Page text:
Secrets of the Old City

Been wanting to run some players through Simon Bull’s Secrets of the Old City (PDF here) for a while now, and my first Torchbearer session seemed like a great fit.

Spent about the first 90 minutes of the session making characters, which went smoothly considering it was everyone’s first time with the game. Half the players hadn’t experienced anything from Burning Wheel Headquarters previously.

Dramatis personae:

Cawshis, Human Warrior, played by P.
[ul][li]B: Nothing for me but blood and treasure, spent and earned.
[/li][li]I: Always leave out traps for small game.
[/li][li]G: I will rescue the kids and get the reward.[/ul]
[/li]Finnegan, Human Cleric, played by J.
[ul][li]B: With enough fame and fortune, I can protect and serve my parish.
[/li][li]I: Always look for the safer path.
[/li][li]G: I will come out stronger, richer, and retake my synagogue.[/ul]
[/li]Moony, Human Magician, played by M.
[ul][li]B: Knowledge is the key to survival.
[/li][li]I: Always study the enemy before engaging in conflict.
[/li][li]G: Find secret knowledge.[/ul]
[/li]Silver Ox, Halfling Burglar, played by C.
[ul][li]B: Anything I can steal is money in my pocket.
[/li][li]I: Always double-check for valuables.
[/li][li]G: Find treasure to pay off my debt.[/ul]
[/li]The players started out with a lit lantern, descending the staircase at 1. There was a lit torch and light spilling into the hall to their left. They went south.

As they approached the guard house (2), they could hear voices, but they were not able to make out what they were saying. Silver Ox volunteered to sneak ahead and check out the room. He wanted to use his halfling nature for this test, but could not as he had 2 ranks in scout. I used the solider profile for the guards, testing their nature against Silver Ox’s scout. With some help from one of his companions’ mirror, was able to see and hear what was going on around the doorway. (He passed the test; his fresh conditioning canceled out the penalty for operating in dim light.)

I decided it was a Dutch door, half open. Inside, the soldiers were playing cards and making smalltalk. The players decided they would march in confidently and tell the soldiers they were their relief. This seemed like a great opportunity for a conflict.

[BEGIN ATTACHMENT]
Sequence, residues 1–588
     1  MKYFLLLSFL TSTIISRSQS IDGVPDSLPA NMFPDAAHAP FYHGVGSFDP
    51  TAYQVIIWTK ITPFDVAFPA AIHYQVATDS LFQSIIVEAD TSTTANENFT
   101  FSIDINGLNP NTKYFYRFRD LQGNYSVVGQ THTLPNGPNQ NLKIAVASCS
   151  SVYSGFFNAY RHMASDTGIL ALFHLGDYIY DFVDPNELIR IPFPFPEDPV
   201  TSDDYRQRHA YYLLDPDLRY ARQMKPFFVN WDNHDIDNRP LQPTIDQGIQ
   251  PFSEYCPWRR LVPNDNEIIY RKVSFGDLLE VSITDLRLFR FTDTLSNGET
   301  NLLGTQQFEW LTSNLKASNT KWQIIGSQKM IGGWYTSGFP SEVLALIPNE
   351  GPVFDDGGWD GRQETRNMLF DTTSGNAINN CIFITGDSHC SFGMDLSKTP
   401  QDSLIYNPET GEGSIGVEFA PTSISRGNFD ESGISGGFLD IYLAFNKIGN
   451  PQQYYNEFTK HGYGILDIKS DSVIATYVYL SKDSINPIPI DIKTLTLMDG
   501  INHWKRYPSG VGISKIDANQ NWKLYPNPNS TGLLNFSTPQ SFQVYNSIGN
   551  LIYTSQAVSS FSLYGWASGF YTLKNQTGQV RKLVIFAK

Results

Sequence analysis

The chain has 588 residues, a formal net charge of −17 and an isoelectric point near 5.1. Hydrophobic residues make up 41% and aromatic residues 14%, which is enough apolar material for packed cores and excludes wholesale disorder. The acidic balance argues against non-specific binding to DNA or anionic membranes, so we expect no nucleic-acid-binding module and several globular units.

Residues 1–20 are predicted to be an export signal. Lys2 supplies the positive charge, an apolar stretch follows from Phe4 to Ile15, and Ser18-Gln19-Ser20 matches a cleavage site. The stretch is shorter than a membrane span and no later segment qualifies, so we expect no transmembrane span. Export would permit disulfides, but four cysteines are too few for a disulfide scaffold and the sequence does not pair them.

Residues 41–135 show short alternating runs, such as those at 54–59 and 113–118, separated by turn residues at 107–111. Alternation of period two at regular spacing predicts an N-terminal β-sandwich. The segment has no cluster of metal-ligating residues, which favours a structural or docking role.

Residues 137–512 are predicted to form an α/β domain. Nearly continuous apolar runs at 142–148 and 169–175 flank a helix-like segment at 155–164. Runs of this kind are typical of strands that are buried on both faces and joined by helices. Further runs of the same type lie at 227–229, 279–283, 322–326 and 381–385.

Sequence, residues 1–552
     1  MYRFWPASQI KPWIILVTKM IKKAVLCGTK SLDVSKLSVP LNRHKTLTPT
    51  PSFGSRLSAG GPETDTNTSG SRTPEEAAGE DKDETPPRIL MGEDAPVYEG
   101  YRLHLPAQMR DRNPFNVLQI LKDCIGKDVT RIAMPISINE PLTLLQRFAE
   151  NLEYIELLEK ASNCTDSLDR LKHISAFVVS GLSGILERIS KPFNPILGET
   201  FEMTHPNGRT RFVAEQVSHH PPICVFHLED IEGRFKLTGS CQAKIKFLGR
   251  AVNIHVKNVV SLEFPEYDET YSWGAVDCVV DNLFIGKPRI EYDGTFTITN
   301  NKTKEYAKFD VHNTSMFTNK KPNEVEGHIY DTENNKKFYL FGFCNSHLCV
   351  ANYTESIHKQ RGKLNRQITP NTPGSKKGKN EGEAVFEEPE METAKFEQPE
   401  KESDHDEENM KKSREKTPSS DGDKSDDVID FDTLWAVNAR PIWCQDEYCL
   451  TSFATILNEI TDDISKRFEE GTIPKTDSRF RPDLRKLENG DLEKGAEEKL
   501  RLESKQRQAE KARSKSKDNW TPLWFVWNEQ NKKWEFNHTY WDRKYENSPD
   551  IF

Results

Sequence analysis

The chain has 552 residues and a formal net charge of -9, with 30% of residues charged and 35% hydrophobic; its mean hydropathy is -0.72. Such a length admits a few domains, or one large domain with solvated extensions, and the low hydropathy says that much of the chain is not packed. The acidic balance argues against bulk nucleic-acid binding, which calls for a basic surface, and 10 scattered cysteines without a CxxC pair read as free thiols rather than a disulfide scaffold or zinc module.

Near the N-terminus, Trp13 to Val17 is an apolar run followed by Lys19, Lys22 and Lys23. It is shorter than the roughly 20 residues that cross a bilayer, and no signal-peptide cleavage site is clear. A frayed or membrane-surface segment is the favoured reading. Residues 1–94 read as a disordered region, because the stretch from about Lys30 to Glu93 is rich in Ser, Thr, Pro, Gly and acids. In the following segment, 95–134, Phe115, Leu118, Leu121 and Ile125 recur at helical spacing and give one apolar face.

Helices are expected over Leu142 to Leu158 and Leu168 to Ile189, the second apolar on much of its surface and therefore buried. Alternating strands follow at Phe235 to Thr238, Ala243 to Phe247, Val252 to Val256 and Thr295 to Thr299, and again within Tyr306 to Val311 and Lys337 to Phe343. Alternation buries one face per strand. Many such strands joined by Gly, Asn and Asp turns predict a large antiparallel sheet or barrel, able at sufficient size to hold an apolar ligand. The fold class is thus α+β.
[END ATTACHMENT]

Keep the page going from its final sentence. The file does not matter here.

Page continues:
Finnegan’s player was the conflict leader, as the plan was his suggestion. The characters were trying to convince the soldiers to give up their post; if the soldiers won, they would arrest the party. Soldiers tested halved will against the players, and had a lousy disposition to boot; but helped each other, produced a work order as evidence against the players (which they stole in short order), and made use of their stubborn trait to knock off half the party’s disposition during the conflict. One of the soldiers was knocked out in the first round and was conscripted into helping Silver Ox cook dinner.

Compromise was that the soldiers abandoned their post, but planned to come back with their superior and get to the bottom of this, so the party better wait right there for them. The loot table came up with mundane equipment, so I told the players there were shields, spears, and torches aplenty if they wanted to take any.

Not wanting to hang around for the soldiers’ return, the players continued south. They came to the causeway (3), and I said it would be an obstacle 2 health test to traverse, the narrow, slippery, and and rubble-strewn ledge along the sewage channel. Moony recommended they tie themselves together, so he tested with help from the rest of the party. No problem, and they made their way across toward area 12.

At this point, their lantern went out and they lit a new flask of oil. (No test?! grumble grumble)

Examining the area, I described that it looked like things had been dragged through this passageway recently, and the party slowly made its way toward the spider liar. When the huge cobwebs and dry bones hinted that they were getting in over their heads, Moony tested hunter to see what he could discern about the spiders. This was versus their nature, and for his success he gleaned their hiding descriptor; after some deliberation, the party decided to turn back.

Four turns had passed by now, however the party eschewed to set up camp, as they had no checks, simply eating and drinking of their provisions to remove their hungry and thirsty condition. At least they were no longer fresh.

Returning to the causeway, it was an Ob 2 test again as they decided to try going southeast. They repeated the rope plan and succeeded, but having them head off away from the action seemed lame, so I told them that after a ways they reached an arched gateway in the stone tunnel, through which none of them could pass. Not wanting to negate the successful test, I offered that they stumbled upon the secret door in that area, and we called it a night.

Solid first session. Lingering observations:
[ul][li]Does the party either test or at least lose a turn every time they navigate from one area to another, if they have not tested cartographer to make a map? This seems to be the case, but I didn’t find it spelled out in the rules.